Fiducial inference: Difference between revisions

Clarified that ω is not regarded as a random variable and its fiducial intervals represent degrees of belief.
(Change "Fisher says" to "Fisher might say")
(Clarified that ω is not regarded as a random variable and its fiducial intervals represent degrees of belief.)
Then Fisher might say that this statement may be inverted into the form
:<math>P\left(\omega < \frac{X}{a}\right) = \alpha .</math>
In this latter statement, ω is now regarded as a [[random variable]] and ''X'' is fixed, whereas previously it was the other way round. This distribution of ω is the ''fiducial distribution'' which may be used to form fiducial intervals that represent degrees of belief.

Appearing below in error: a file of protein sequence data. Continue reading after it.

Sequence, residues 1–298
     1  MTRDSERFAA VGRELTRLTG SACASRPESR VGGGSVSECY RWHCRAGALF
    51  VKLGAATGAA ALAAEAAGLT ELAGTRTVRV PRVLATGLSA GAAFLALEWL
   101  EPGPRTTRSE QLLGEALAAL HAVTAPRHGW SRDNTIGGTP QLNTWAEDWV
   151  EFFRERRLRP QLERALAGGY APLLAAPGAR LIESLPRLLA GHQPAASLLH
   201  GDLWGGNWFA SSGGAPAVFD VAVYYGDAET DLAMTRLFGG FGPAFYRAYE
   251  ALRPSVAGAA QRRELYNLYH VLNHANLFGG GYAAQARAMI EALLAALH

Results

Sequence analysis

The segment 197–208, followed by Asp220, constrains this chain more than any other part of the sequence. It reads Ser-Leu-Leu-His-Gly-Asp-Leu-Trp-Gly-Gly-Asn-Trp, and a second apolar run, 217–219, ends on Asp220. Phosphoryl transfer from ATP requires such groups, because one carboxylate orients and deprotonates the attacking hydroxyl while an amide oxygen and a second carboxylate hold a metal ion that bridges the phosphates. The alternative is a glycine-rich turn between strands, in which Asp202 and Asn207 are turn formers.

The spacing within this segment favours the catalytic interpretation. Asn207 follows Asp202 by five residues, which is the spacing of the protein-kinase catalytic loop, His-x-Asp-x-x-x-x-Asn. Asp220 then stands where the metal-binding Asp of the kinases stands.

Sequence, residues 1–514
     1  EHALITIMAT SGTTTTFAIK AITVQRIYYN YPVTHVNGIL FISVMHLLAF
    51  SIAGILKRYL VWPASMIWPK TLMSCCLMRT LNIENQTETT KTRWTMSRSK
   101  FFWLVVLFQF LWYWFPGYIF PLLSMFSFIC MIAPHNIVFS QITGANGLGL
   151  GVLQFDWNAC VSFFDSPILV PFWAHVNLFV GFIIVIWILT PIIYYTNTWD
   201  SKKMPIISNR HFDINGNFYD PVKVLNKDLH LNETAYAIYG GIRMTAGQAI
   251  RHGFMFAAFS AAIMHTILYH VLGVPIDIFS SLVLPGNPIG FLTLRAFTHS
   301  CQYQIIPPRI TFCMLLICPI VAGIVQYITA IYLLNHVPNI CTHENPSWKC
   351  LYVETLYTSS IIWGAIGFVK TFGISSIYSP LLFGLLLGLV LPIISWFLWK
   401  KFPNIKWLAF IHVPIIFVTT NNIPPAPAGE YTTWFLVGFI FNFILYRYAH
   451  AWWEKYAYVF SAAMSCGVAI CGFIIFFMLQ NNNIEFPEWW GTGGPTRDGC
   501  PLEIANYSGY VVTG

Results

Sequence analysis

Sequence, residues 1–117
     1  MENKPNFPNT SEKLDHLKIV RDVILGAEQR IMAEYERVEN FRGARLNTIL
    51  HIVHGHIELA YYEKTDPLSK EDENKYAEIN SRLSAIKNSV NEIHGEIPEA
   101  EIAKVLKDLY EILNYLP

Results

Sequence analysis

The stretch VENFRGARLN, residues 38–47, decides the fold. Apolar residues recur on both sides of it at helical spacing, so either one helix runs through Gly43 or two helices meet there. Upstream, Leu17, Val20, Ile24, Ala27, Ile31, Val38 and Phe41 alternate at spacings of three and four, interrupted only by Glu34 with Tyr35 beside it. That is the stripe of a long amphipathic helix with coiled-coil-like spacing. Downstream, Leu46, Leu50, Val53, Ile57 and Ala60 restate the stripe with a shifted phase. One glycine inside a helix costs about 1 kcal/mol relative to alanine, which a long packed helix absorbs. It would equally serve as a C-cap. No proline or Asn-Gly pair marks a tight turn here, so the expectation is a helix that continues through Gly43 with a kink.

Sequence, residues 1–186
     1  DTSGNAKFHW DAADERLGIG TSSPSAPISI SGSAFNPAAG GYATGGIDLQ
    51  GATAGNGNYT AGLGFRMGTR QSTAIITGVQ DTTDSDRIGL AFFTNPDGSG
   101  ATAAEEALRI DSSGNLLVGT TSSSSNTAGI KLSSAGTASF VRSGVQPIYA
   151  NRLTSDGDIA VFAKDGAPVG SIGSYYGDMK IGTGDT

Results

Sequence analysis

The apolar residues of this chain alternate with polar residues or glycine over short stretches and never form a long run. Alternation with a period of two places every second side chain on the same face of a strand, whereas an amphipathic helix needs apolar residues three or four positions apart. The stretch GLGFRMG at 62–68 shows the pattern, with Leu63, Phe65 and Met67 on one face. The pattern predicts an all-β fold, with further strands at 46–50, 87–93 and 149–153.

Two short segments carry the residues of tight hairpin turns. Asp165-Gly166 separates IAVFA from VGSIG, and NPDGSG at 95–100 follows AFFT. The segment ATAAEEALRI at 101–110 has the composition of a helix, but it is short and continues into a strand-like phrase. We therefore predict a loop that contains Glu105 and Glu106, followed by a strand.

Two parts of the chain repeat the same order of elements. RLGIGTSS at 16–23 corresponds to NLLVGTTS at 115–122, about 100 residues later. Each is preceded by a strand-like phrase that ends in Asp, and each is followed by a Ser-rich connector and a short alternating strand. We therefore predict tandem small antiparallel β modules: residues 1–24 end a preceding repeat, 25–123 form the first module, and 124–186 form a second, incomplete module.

The calculation is identical to the [[pivotal quantity|pivotal method]] for finding a confidence interval, but the interpretation is different. In fact older books use the terms ''confidence interval'' and ''fiducial interval'' interchangeably.{{Citation needed|date=October 2010}} Notice that the fiducial distribution is uniquely defined when a single sufficient statistic exists.
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